Thursday Night Loaded: The Problem With Vodka, Part One

Here’s the thing: Despite what I may have suggested in earlier posts, I don’t hate vodka. But I do resent it.

What can I say? When taken side by side, a shot of Smirnoff and a shot of Beefeater, the gin is a more compelling spirit. It lays hold of the senses, sends them off to explore the juniper forest, elephant guns at the ready. The vodka, on the other hand, simply goes down. Served cold (as it must be), it’s as featureless and desolate as the prairies in winter. And there’s a good reason for that. Let’s let Thomas Mario explain:

By federal definition, vodka must be so treated “as to be without distinctive character, aroma or taste.”

Later on in his Playboy’s Host and Bar Book (1971), he continues:

Vodkamen have two ways of eradicating flavor. The first is to distill it with such artful care that only the smoothest, purest fraction of spirits from the still is accepted for vodka; the balance of the run is rejected. The second is a finishing process wherein the liquor is sent through columns of charcoal until it emerges clean, satiny and as tasteless as technology can make it.

Leached of flavour. Sterile. Neutral. Subtle to the point of being inconspicuous. Vodka is the beige of spirits — a damning label to lay on anything. Despite this, in any liquor store you visit, vodkas will occupy an entire wall. Gin, on the other hand, will be lucky if it’s granted a couple thin shelves.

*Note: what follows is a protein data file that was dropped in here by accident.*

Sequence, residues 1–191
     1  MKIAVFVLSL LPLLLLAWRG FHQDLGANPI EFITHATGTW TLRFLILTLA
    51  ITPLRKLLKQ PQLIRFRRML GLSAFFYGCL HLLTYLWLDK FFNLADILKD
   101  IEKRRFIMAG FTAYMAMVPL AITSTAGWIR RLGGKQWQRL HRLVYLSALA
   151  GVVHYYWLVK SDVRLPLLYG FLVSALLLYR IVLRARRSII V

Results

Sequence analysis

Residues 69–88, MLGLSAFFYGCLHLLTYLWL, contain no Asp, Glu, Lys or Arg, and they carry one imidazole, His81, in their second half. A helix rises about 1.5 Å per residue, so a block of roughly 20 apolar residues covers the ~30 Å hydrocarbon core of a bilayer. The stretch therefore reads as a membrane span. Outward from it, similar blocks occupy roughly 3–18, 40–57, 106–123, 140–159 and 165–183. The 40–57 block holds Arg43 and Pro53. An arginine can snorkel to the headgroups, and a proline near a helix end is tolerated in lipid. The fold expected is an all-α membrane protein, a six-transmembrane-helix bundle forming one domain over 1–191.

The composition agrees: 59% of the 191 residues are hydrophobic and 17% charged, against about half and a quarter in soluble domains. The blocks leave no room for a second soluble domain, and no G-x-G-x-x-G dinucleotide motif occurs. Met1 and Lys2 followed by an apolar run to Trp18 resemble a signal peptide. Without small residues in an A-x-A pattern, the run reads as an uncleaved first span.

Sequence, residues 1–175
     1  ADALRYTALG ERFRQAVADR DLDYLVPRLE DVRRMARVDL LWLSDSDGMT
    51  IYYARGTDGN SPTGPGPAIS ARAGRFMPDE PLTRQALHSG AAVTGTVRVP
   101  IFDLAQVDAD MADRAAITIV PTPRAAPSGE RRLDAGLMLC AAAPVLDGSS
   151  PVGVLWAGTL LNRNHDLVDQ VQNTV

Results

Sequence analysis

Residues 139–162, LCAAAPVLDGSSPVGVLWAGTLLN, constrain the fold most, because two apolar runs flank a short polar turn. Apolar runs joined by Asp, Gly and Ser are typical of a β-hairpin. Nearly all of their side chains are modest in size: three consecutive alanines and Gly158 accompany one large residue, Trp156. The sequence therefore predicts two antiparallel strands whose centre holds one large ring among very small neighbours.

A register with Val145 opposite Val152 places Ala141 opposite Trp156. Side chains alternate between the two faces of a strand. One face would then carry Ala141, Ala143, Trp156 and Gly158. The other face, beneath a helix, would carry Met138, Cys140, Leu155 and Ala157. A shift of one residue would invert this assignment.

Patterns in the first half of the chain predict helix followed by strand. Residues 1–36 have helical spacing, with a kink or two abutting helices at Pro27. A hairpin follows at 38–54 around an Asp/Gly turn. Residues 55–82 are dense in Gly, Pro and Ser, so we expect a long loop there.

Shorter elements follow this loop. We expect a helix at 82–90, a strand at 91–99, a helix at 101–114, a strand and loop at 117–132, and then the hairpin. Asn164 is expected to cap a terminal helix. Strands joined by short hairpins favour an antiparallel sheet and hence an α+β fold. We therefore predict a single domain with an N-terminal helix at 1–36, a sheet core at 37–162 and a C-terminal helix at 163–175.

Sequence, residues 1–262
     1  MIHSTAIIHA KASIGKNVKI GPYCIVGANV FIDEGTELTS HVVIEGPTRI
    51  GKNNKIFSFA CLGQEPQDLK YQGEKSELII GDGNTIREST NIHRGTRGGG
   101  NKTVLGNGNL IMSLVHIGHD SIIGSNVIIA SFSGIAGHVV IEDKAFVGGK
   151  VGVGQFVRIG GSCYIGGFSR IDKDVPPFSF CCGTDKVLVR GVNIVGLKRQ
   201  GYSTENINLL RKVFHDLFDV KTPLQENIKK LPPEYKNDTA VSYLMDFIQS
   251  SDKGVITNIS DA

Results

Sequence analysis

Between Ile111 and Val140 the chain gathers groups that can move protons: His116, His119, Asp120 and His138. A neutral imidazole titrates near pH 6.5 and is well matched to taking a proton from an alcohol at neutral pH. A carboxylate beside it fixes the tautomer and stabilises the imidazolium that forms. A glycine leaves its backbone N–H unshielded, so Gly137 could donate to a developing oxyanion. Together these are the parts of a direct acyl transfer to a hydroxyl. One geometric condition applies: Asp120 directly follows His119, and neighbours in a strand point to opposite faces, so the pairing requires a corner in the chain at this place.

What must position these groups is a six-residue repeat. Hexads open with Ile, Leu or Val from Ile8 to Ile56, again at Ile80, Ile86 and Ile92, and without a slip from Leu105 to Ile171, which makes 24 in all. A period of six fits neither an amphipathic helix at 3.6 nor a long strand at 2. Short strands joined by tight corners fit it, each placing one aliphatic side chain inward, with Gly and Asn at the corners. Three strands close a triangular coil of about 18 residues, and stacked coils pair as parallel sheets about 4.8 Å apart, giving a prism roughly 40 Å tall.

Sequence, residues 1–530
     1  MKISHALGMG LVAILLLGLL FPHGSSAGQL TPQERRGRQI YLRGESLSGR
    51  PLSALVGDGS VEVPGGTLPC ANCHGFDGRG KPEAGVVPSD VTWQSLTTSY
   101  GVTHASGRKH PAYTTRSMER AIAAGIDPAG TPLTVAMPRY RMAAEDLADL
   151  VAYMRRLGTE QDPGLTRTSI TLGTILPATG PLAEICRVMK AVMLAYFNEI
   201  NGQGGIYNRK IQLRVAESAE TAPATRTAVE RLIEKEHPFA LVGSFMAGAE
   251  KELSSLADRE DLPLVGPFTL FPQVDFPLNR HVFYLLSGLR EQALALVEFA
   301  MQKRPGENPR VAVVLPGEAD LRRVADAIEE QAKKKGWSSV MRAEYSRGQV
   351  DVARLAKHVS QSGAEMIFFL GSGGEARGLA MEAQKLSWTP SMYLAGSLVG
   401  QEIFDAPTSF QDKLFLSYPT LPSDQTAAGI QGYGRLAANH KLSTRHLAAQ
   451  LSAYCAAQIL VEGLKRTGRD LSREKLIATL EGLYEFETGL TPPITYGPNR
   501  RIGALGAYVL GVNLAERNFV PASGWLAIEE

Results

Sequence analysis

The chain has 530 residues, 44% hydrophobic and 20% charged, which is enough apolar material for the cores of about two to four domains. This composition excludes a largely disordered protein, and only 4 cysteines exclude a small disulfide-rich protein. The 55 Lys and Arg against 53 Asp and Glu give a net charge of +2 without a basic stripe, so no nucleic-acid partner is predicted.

As a gin fancier, therein lies the source of my resentment.

None of this is to say vodka (like beige) is without its uses. In cocktail making, when you want a weaker ingredient — a liqueur or a vermouth — to take centre stage but you still want that alcohol kick, then vodka is the ideal base spirit. It functions well in the background and here is a perfect example of vodka doing its job, minding its own business….

Kretchma
1 oz vodka
1 oz crème de cacao
1/2 oz fresh lemon juice
1/2 tsp grenadine
Shake well with ice. Strain into a pre-chilled cocktail glass.

If you built the Kretchma around brandy or gin, you’d have a hopeless muddle on your hands. Too many flavours would be vying for your attention. With vodka, you taste chocolate blending with citrus alongside a hint of pomegranate — it’s a surprisingly agreeable combination. The worst response I’ve had to it is, “It’s interesting but I think I like it.” Most say it reminds them of a Cherry Blossom, but in a good way.

As for the name, turns out the Kretchma was a New York nightclub back in the 40s and 50s that catered to Russian emigrés; it was later renamed the Two Guitars. Theodore Bikel (who you might remember as Worf’s adoptive human father in Star Trek: The Next Generation) sang a song about it.

And, because the pop-culture blender that is the internet leaves nothing unscathed, here, to play you out, is Worf’s dad’s song performed by Peter Tork, the most mournful of the Monkees….

Author: Paul Dechene

Paul Dechene is 5’10” tall and he was born in a place. He’s not there now. He’s sitting in front of his computer writing his bio for this blog. He has a song stuck in his head. It’s “Girl From Ipanema”, thanks for asking.

You can follow Paul on Twitter at @pauldechene and get live updates during city council meetings and other city events at @PDcityhall.

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